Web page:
This present moment is ripe with sobering reality, but I have good news – it’s the gospel Pride and Juneteenth after all! These histories of rebellion and resistance bear witness to the spirit of the liberating one among us. We get a glimpse of that liberating spirit in today’s story from Luke chapter eight (8:26-39). This story immediately follows Jesus’s seismic, life-saving actions amidst the Great Storm. So we’re here in the wake of a great disruption. Jesus and his comrades get back into a boat and head to the occupied territory of the Gerasenes. And it’s here that Jesus encounters a person long-possessed by demons. Jesus recognizes the demons for what they are, calls them by name, and then orders the demons to leave the person. The demons then enter into a large herd of pigs who are driven into the water and drowned. These events cause panic to spread across the region — for one, Jesus has just destroyed the livelihood of the swineherds — and the locals demand that Jesus leave. The person who was healed wants to go with Jesus, but Jesus says, ‘No, stay here, and tell your people about the healing you have experienced.’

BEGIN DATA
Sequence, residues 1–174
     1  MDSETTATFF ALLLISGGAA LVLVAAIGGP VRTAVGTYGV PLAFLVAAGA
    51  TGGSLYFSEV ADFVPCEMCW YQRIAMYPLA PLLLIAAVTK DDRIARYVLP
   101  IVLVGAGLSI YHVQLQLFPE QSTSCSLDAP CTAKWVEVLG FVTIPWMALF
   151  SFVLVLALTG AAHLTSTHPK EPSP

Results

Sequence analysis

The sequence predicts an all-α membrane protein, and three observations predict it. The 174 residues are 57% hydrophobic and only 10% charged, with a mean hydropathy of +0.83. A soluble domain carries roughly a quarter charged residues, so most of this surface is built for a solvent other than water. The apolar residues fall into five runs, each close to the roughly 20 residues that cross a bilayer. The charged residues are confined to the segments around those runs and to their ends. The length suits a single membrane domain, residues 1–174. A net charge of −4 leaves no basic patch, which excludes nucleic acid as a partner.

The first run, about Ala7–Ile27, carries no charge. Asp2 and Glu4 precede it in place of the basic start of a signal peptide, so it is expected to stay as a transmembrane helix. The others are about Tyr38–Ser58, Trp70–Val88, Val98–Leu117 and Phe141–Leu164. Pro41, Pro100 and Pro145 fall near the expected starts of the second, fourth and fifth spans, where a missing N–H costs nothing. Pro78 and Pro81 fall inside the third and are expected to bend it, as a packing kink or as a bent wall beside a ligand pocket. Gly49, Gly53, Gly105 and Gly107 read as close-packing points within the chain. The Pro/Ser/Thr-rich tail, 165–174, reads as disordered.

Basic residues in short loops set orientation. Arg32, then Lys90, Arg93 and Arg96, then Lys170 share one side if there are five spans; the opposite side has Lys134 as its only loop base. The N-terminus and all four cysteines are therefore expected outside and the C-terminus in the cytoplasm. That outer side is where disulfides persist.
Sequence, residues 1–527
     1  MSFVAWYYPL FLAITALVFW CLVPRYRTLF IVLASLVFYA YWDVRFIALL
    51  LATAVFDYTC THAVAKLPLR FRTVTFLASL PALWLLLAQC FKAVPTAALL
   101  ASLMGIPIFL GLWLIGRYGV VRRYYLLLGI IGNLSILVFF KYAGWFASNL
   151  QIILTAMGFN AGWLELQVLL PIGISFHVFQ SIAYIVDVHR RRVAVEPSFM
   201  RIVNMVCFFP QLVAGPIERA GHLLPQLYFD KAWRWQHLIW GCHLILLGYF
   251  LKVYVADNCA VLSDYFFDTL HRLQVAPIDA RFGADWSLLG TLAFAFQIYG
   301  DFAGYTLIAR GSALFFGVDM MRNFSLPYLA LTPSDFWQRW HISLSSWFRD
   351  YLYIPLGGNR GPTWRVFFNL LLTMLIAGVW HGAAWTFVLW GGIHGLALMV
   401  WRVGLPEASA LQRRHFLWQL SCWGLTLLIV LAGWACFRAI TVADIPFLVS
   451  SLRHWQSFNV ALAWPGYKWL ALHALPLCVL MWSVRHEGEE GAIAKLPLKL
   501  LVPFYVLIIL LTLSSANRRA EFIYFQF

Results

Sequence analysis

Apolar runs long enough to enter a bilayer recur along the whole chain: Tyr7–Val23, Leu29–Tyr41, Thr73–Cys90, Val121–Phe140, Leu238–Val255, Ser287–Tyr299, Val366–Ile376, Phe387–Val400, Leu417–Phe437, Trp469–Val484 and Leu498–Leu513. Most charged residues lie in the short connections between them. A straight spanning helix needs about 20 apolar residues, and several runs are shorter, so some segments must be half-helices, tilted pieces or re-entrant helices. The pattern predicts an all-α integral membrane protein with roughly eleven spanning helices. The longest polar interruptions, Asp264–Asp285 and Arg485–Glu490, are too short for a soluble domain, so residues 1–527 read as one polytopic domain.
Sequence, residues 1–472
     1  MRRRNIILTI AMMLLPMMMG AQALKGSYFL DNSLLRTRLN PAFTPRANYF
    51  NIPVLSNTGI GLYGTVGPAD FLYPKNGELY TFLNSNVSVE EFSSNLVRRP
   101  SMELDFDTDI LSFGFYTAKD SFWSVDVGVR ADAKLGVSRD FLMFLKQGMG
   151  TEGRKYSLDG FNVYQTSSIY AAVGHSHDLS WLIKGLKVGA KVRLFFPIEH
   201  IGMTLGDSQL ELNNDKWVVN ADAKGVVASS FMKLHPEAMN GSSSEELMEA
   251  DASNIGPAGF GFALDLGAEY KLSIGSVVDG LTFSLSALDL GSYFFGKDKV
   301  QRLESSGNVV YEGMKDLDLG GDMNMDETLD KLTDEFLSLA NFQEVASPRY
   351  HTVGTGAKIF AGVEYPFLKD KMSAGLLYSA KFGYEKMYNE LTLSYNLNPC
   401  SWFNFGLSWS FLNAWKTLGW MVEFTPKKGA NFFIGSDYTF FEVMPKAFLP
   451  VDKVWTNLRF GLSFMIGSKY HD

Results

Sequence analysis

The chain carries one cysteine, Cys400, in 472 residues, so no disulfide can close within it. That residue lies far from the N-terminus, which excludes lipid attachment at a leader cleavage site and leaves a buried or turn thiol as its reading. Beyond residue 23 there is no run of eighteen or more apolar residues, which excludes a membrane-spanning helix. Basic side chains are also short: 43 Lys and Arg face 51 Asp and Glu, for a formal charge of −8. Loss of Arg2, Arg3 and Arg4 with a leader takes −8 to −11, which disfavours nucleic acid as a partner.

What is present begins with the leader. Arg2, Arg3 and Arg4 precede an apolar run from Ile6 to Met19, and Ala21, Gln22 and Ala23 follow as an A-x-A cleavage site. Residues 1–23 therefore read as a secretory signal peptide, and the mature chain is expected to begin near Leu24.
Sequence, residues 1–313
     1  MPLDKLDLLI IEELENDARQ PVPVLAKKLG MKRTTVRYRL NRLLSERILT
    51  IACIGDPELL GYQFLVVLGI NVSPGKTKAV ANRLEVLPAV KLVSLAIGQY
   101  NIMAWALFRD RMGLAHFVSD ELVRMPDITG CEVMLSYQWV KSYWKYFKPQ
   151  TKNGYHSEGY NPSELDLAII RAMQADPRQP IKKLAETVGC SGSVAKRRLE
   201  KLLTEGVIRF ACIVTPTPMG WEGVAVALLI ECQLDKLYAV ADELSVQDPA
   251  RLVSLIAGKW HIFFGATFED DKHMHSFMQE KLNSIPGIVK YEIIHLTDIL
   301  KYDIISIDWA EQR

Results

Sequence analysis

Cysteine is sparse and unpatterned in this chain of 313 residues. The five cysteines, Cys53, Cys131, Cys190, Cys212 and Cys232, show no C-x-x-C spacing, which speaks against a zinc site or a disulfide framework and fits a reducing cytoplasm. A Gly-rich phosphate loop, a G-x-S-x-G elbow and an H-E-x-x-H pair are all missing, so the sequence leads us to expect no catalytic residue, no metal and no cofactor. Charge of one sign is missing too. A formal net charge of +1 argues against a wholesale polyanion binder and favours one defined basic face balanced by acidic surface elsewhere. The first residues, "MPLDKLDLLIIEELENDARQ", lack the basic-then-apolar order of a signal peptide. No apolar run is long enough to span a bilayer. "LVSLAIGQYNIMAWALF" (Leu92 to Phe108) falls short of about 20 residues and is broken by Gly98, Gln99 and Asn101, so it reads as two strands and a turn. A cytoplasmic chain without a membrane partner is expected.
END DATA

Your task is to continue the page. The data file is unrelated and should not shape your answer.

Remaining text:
Now this is one of those stories in the bible that can get twisted into ableist theology and preached in ways that too often harm people who are disabled, neuro-divergent, and/or live with chronic mental illness. That’s a misinformed way to read this scripture or any scripture. (For more on that see Nancy Eiesland’s seminal book entitled The Disabled God. This should be required reading for any of us able-bodied folks trying to read the bible!)
With a queer abolitionist lens, I’d like to offer three observations on this story, to help us contextualize Pride and Juneteenth and to draw some inspiration for our weary, justice-seeking souls today.